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Three years after quake, Sichuan rebuilds

Few weeks ago, a China Daily reporter contacted this blog for leads on foreigners working with China in Sichuan’s reconstruction. As you know, tomorrow is the three year anniversary of the May 12, 2008 earthquake; I have been looking for reports in the last few days on this topic.

The story that brought tears to my eyes was about a mother saving the life of her infant (“地震中的伟大母亲”). When rescuers arrived at a collapsed home, they found a woman in a kneeling position and slouching over. They found her posture curious and after examining her body, found in her lap a baby still alive. Wrapped with the baby is a phone, and on the screen is a typed message, “dear beloved baby, if you are able to survive, you must remember I love you.” In the video below, you will see the Chinese news anchor breaking down in reporting this story.

(Tudou version)

I can only imagine what went through the mother’s mind during her last moments. No parents should ever go through that.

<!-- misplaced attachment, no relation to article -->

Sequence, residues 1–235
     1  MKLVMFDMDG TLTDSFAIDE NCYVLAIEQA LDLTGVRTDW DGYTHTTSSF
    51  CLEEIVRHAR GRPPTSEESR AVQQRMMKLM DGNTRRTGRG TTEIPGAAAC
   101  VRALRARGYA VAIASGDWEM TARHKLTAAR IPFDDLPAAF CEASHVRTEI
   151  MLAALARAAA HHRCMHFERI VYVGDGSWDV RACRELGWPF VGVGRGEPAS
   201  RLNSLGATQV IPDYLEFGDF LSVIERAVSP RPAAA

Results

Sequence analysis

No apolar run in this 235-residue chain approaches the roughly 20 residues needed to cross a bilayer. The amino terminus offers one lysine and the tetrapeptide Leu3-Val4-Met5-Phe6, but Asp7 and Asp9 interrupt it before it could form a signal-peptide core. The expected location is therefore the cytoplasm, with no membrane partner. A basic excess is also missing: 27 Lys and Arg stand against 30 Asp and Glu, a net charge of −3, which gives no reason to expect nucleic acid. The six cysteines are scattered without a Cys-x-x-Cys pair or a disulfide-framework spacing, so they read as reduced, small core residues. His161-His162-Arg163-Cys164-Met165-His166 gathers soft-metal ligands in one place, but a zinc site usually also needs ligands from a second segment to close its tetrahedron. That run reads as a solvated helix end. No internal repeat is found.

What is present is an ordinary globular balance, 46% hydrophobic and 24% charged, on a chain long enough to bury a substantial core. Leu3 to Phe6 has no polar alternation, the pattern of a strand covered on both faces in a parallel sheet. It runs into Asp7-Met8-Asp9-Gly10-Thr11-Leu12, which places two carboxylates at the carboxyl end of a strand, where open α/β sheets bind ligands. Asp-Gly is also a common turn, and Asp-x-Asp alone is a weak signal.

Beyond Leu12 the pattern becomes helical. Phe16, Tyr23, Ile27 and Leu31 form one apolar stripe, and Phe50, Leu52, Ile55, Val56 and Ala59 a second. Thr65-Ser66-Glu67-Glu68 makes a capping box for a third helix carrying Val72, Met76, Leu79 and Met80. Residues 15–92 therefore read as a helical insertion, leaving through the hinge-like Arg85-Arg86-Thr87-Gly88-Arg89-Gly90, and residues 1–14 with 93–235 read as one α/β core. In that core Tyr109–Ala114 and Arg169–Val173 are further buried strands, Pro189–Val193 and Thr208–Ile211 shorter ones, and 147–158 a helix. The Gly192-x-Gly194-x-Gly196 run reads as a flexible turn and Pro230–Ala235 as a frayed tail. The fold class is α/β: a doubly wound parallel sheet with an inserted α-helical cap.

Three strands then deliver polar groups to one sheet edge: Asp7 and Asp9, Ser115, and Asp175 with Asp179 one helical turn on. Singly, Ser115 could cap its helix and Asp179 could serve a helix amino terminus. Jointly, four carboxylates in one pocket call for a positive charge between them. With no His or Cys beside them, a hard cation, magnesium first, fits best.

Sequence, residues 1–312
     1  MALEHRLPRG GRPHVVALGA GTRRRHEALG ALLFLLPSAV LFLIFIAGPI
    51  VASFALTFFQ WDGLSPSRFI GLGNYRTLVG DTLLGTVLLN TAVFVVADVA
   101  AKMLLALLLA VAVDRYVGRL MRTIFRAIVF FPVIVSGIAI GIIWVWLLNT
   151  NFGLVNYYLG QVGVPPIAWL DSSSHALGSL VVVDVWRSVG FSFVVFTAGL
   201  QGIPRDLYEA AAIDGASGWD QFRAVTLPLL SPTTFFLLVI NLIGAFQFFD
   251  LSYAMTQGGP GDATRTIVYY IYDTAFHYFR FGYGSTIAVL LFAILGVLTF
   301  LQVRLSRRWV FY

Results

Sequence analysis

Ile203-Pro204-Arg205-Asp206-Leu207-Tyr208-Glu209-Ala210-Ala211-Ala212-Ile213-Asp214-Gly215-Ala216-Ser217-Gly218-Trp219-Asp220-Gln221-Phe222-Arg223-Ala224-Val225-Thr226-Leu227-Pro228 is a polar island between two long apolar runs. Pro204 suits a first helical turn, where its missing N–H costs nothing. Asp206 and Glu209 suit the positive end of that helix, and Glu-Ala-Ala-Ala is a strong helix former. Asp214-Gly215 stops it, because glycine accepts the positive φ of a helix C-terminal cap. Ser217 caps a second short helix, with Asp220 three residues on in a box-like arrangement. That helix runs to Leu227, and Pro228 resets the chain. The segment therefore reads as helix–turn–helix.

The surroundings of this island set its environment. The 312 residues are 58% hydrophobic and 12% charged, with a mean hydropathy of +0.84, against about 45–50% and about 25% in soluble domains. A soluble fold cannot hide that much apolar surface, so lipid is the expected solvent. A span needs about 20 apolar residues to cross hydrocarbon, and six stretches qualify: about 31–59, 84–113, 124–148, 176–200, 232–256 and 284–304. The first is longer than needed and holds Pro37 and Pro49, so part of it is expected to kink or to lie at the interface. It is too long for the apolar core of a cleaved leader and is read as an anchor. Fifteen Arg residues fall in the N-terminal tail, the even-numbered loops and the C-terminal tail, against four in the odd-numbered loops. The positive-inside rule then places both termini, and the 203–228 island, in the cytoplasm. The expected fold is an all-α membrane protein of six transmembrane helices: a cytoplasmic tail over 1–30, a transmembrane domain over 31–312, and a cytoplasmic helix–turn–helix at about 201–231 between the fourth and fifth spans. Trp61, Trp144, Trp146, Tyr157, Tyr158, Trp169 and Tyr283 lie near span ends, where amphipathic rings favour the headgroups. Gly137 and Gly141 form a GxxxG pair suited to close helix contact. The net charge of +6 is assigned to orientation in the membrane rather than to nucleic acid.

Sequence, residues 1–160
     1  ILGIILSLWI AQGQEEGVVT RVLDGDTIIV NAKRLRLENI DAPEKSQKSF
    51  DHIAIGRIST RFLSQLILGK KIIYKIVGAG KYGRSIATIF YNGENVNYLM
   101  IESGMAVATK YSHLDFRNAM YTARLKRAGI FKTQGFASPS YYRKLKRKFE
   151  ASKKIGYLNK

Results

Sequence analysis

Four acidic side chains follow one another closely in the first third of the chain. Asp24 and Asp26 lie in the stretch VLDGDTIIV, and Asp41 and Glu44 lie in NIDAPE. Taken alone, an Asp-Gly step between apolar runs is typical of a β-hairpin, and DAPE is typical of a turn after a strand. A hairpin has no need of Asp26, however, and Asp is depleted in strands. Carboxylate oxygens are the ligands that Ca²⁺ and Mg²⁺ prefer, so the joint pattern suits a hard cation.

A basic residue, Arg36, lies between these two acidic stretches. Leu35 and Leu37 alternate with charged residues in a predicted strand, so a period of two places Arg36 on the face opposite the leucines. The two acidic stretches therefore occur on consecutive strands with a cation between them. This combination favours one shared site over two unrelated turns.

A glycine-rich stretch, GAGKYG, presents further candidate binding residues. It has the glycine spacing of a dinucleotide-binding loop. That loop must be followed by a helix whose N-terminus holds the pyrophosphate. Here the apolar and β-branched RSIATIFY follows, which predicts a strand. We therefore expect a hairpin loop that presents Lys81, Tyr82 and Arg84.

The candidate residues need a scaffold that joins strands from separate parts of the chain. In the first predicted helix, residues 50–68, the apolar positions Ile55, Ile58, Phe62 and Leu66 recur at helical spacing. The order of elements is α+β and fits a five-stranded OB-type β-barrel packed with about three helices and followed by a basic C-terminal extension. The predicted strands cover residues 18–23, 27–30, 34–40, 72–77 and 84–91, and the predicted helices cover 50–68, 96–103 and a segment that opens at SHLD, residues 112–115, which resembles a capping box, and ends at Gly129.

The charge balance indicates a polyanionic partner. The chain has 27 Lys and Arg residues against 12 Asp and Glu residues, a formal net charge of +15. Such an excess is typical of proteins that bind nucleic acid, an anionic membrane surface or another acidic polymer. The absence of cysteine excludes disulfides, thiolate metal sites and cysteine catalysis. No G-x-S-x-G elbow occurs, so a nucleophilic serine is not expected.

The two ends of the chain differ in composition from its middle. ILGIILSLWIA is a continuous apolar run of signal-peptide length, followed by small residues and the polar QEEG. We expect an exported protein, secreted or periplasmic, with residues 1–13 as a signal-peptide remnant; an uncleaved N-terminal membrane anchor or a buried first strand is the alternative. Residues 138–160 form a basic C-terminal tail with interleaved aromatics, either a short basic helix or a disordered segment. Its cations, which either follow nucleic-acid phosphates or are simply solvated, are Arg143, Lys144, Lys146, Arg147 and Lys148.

Comparing to the March 11 earthquake that hit Japan, China suffered much bigger damage. Dead and missing amounted to more than 80,000 people, with those left homeless in the millions. That was a magnitude 8.0 earthquake, comparing to the 9.0 in Japan. In comparison, Japan’s death and missing is around 25,000 and were in fact mostly a result of the ensuing tsunami; not the quake itself.

For this reason, I yearn for a China that is economically prosperous so her people can afford better homes. Six years ago, I visited Jiuzhaigou (九寨沟) by car from Chengdu (成都) and we were delayed a number of times due to rock slides. The road conditions in that region were tough. China as a nation still has a long ways to go in matching the infrastructure build out that much of the developed world enjoys.

When people like Ai Weiwei tries to make a name for himself by exploiting this tragedy (see “Ai Weiwei: fighting for justice or freedom of speech?” by raffiaflower and “Ai Weiwei – ‘China’s Conscience’ And Another Dissident Bites the Dust” by 龙信明 Blog), I always wonder if he has even given money to help the victims.

The Chinese government pledged 1 trillion Yuan (about $146.5 billion) in 2008 to be spent over 3 years in reconstruction efforts. Below is a report by Wang Huazhong on China Daily detailing the progress:

2011-05-11 07:02
BEIJING – Three years after a devastating earthquake, the worst-hit areas in Sichuan and neighboring provinces, phoenix-like, have risen from the rubble.